The New York Times
Anna Russell: The First Farewell Concert
Video Arts International
If there is anyone with even a passing interest in classical music who has not yet had the opportunity to learn about the lyric art from Anna Russell, help is at hand. This veteran authority’s inimitable discourses on Wagner’s “Ring” cycle, Gilbert and Sullivan operettas, the symphony orchestra, folk music and other weighty subjects were captured live in a performance at the Baltimore Museum of Art on Nov. 7, 1984, and here they are – pinpoint accuracy and absolute zaniness intact.
Miss Russell’s soprano, alto, tenor and bass voices are admittedly not what they were 30 years ago (she acknowledges, in fact, that her singing of all four parts in the Gilbert and Sullivan quartet may have lost some brilliance), but her comedy timing has not diminished one iota over the decades. Thus, her telling of the story of Wagner’s “ring” remains totally hilarious, even for those who may know it by heart. And when she reminds you that an orchestra is made up of three sections – the scrape, the bang and the blow – you wonder how you could ever have forgotten it.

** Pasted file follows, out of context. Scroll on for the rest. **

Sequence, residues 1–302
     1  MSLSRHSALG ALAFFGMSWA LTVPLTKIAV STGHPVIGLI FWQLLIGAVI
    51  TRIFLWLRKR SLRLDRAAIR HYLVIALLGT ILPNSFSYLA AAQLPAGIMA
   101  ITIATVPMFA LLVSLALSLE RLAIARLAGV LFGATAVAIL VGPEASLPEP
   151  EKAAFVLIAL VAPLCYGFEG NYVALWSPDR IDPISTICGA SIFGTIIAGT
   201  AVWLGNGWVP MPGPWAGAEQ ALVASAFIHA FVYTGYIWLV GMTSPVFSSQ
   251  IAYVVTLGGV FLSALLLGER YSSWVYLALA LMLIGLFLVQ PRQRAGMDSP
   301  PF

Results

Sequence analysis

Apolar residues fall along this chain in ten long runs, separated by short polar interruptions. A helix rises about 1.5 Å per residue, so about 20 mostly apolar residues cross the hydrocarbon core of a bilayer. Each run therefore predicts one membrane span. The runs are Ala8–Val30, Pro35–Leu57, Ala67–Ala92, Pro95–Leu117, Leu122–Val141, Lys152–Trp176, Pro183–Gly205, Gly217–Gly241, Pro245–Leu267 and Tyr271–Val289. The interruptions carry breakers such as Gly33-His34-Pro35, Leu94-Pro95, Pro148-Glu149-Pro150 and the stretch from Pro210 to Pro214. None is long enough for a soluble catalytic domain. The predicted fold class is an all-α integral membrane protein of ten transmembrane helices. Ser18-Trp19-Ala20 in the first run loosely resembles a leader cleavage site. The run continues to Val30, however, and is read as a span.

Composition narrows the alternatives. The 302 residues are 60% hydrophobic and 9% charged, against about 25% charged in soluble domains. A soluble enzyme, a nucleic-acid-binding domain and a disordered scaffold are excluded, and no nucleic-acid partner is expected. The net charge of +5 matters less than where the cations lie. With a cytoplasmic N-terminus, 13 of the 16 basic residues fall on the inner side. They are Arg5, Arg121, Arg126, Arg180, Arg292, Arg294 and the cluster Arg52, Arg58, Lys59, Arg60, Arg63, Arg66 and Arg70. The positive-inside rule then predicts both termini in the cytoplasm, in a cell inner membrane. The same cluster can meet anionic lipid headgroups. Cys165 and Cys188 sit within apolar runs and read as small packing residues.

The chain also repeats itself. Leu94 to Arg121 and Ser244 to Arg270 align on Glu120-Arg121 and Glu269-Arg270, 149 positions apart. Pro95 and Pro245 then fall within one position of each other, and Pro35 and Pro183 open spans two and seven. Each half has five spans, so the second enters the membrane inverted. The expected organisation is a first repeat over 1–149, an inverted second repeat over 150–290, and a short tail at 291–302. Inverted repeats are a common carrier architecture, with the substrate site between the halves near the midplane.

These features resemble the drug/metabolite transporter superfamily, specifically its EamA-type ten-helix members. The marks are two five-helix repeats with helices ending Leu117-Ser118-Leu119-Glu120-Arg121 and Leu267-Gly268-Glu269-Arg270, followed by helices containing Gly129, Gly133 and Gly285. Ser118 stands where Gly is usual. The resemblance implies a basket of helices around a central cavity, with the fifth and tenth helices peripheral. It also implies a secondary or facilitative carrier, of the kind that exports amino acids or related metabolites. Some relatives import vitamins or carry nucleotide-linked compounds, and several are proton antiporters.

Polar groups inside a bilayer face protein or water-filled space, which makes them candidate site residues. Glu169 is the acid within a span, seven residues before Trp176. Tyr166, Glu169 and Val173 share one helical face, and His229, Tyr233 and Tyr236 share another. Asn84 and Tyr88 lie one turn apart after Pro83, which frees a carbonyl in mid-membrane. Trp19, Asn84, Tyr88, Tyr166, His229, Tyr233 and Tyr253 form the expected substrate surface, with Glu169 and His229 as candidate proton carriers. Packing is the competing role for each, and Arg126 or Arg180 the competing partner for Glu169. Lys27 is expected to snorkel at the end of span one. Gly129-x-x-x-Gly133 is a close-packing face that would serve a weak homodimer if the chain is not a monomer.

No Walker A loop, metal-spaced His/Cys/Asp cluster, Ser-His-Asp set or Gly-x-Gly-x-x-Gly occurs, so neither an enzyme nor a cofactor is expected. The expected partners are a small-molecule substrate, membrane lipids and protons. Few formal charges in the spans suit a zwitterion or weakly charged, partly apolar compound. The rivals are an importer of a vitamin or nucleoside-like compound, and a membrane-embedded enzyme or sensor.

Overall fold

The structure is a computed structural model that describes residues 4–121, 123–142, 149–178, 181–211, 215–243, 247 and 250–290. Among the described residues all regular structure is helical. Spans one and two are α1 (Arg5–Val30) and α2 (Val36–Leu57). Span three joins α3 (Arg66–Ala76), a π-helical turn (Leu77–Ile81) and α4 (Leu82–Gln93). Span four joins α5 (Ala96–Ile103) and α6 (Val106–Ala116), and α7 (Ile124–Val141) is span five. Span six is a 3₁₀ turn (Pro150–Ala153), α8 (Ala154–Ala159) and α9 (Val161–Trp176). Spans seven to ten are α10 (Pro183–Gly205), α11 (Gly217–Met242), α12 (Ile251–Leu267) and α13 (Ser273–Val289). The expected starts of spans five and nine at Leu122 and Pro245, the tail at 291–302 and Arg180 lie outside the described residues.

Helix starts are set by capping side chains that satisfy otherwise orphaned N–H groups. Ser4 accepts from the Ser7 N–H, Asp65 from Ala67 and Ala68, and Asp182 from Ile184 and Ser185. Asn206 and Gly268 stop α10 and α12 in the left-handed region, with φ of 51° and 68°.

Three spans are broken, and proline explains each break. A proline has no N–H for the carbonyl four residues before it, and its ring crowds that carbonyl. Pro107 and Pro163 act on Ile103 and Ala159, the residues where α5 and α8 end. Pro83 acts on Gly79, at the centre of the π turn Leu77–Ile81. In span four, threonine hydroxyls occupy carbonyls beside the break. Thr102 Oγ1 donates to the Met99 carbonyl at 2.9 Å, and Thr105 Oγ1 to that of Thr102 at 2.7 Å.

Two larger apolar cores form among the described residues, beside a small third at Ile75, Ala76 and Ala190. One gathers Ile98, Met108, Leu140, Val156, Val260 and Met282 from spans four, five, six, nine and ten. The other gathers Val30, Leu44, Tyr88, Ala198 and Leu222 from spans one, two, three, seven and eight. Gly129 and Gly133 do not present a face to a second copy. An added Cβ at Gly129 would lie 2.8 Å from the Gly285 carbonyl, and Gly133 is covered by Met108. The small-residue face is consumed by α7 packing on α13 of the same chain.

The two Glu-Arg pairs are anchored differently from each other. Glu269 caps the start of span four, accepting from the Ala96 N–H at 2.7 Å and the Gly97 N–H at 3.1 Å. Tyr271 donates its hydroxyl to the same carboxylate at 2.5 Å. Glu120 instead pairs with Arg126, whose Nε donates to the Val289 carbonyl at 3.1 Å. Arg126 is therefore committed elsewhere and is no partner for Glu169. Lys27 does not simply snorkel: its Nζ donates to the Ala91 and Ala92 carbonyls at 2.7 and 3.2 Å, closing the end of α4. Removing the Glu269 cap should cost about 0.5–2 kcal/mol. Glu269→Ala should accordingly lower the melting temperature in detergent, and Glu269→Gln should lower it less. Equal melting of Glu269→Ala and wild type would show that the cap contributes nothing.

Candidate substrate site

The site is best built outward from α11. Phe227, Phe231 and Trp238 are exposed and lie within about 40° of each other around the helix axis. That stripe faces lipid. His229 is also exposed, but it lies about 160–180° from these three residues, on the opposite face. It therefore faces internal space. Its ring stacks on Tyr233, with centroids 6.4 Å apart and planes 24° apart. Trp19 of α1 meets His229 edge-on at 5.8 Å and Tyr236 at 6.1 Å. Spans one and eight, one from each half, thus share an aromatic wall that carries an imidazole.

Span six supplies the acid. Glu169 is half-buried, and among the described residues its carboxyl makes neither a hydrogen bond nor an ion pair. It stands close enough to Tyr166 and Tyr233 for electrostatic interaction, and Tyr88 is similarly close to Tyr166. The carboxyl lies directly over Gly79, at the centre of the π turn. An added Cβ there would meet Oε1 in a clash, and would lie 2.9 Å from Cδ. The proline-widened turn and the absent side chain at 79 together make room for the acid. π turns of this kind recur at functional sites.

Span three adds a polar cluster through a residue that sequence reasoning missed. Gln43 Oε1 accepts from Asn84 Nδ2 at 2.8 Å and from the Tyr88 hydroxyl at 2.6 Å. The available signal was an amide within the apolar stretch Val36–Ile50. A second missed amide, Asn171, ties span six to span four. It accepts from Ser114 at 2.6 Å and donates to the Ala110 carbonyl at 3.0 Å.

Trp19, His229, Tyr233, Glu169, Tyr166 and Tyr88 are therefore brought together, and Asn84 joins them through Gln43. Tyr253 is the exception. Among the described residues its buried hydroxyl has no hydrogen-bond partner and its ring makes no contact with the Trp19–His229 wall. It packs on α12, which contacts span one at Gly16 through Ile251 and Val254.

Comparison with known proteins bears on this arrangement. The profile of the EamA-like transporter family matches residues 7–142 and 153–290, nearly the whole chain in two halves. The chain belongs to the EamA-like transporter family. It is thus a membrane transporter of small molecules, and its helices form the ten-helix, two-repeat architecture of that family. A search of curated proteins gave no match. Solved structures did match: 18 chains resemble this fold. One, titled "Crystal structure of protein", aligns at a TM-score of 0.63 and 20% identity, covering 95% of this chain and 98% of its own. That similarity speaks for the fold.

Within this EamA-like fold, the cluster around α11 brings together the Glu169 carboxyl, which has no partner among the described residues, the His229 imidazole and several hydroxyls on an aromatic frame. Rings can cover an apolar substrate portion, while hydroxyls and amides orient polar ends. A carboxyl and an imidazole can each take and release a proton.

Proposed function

In short, this document of an incredibly perceptive analyst of the art is highly recommended for home study and probably ought to be on the required list of every school of music in the country, too.